Obituary: Pete Shelley, influential songwriter who brought melody to punk rock

Pete Shelley of the Buzzcocks has died at the age of 63. Picture: Yui Mok/PA Wire
Pete Shelley of the Buzzcocks has died at the age of 63. Picture: Yui Mok/PA Wire
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Pete Shelley, singer, songwriter and guitarist. Born: 17 April, 1955 in Leigh, Lancashire. Died: 6 December, 2018, in Tallinn, Estonia, aged 63.

It was November 1977, the year punk rock groups spat their ­frenetic chords and lyrics all over a stunned music ­public and the Buzzcocks were just one of many new bands ­hitting the road. They were touring to promote their first ­single Orgasm Addict and they were staying in a little guest house near the Playhouse in ­Edinburgh.

They had a gig, not at the ­Playhouse, but at the much smaller Clouds venue in ­Tollcross. Filling in time, frontman Pete Shelley settled down in front of the television to watch a romantic ­Hollywood musical – Guys and Dolls – suggesting a more sensitive side than some of his punk rock contemporaries.

“One of the characters, Adelaide, is saying to ­Marlon Brando’s character, ‘Wait till you fall in love with someone you shouldn’t have,’” he recalled later in an interview for a Radio 2 documentary. “I thought, fallen in love with someone you shouldn’t have? Hmm, that’s good.”

The following day Shelley began writing the song that would become the band’s most famous contribution to the era – Ever Fallen in Love (With Someone You Shouldn’t’ve).

It had the pace and the energy of punk, but more melody and certainly more sensitivity and empathy than the songs being turned out by the Sex Pistols and The Damned.

Shelley was bisexual and the song was inspired by his love for a male flatmate, ­Francis Cookson, who was later in a post-punk band called The Tiller Boys with Shelley. Ever Fallen in Love echoed the Beatles song You’ve Got to Hide Your Love Away, reputedly written by John Lennon for manager Brian Epstein.

It was of course the Buzzcocks’ biggest hit, though that was not difficult. They had only five Top 50 singles and Ever Fallen in Love peaked at No 12, but its success could not be measured merely in chart positions. It became one of the standards of the era.

A version by Fine Young ­Cannibals for Jonathan Demme’s 1986 film Something Wild made it into the Top Ten and the royalties financed a Buzzcocks reunion. Kurt Cobain was a fan and invited them to support Nirvana on their final tour, before his ­suicide in 1994.

Versions of Ever Fallen in Love also appeared in several other films, including one by Pete Yorn in Shrek 2 in 2004. Shelley rerecorded it himself as part of a supergroup tribute single in 2005, ­following the death of DJ John Peel who helped promote the ­Buzzcocks in the early days. The group included Roger Daltrey, Dave Gilmour, ­Robert Plant and Elton John, with proceeds going to Amnesty International.

Of solid working class stock, with Scottish ancestry, Shelley was originally Peter Campbell McNeish, born in 1955 in Leigh, Lancashire. His father was a fitter at a local colliery and his mother worked in a mill. He went to grammar school and enrolled on an electronics course at Bolton Institute of Technology (now Bolton University) before concluding that he was not cut out for life as a TV repair man. He revealed in one interview that he switched to Philosophy and European Literature.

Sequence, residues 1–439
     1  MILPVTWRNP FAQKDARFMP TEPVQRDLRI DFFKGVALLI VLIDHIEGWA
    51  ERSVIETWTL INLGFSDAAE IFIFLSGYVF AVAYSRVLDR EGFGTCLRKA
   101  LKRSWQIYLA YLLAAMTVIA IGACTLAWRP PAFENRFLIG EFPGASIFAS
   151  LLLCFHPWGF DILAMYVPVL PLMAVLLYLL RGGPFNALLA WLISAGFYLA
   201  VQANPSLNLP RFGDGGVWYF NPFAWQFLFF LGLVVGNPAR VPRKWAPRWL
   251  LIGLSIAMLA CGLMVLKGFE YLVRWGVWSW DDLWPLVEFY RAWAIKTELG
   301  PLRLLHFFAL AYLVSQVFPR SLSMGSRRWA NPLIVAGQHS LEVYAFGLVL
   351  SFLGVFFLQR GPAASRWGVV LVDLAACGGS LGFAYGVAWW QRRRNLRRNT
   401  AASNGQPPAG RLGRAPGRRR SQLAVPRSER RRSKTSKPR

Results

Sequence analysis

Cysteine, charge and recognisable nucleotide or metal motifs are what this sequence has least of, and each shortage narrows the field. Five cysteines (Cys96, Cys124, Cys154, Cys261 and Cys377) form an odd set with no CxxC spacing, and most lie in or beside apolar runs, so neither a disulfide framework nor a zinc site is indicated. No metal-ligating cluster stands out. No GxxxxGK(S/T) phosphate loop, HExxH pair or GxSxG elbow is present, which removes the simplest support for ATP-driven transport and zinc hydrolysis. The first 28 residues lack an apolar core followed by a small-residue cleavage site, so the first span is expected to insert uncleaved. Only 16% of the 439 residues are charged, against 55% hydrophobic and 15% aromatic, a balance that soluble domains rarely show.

Another student Howard Trafford advertised on the college notice board for musicians to join a new band and McNeish responded. Howard Trafford became Howard Devoto and it is interesting that, while John Lydon became Johnny Rotten when he fronted up the Sex Pistols and Simon Ritchie became Sid Vicious, McNeish adopted the surname of a tragic 19th century English Romantic poet.

After reading a review of an early Pistols gig in NME, ­Shelley and Devoto went to London see them and arranged for them to play in Manchester in June 1976. It had been intended that the Buzzcocks would support, but other group members walked out and it did not happen.

The Buzzcocks did support the Sex istols at a second Manchester gig a few weeks later and they also performed with the Damned, Clash and Siouxsie and the Banshees in London. They borrowed £500 from friends and family and recorded and released an EP called Spiral Scratch, with an initial pressing of 1,000 copies, which sold out within days.

John Peel played it on his show and although it was an EP (extended play), it made it into the singles chart, leading to a contract with United Artists, though Devoto went back to college, leaving Shelley as singer, lead guitarist and leader. Following the lead of the Buzzcocks, ­dozens of ­provincial punk rockers started bringing out their own records.

Their debut single, Orgasm Addict, was unsurprisingly banned by the BBC when it came out in 1977. The follow-up What Do I Get? made it to No 37 the following year. Ever Fallen in Love was their sixth single. The group disbanded in 1981 after a string of singles and three albums. Shelley pursued a solo career, though there would be several ­Buzzcocks reunions as well.

At times Shelley struggled with his sexuality and with relationships. He married twice, firstly to a Japanese fan who he met at one of his gigs. They divorced and she returned to Japan with their son. He married for a second time in 2011 to an Estonian artist and moved to Tallinn.

The influence of the Buzzcocks was underlined in 1996 when the BBC launched a new pop music panel show called Never Mind the Buzzcocks, the title of which was also a play on the Pistols’ album Never Mind the Bollocks. It was to run for 20 years.

Shelley appeared on the show in 2000 and presenter Mark Lamarr told him that without his group “There would be no Smiths or Radiohead and this show would be called Never Mind Joan Armatrading.”

BRIAN PENDREIGH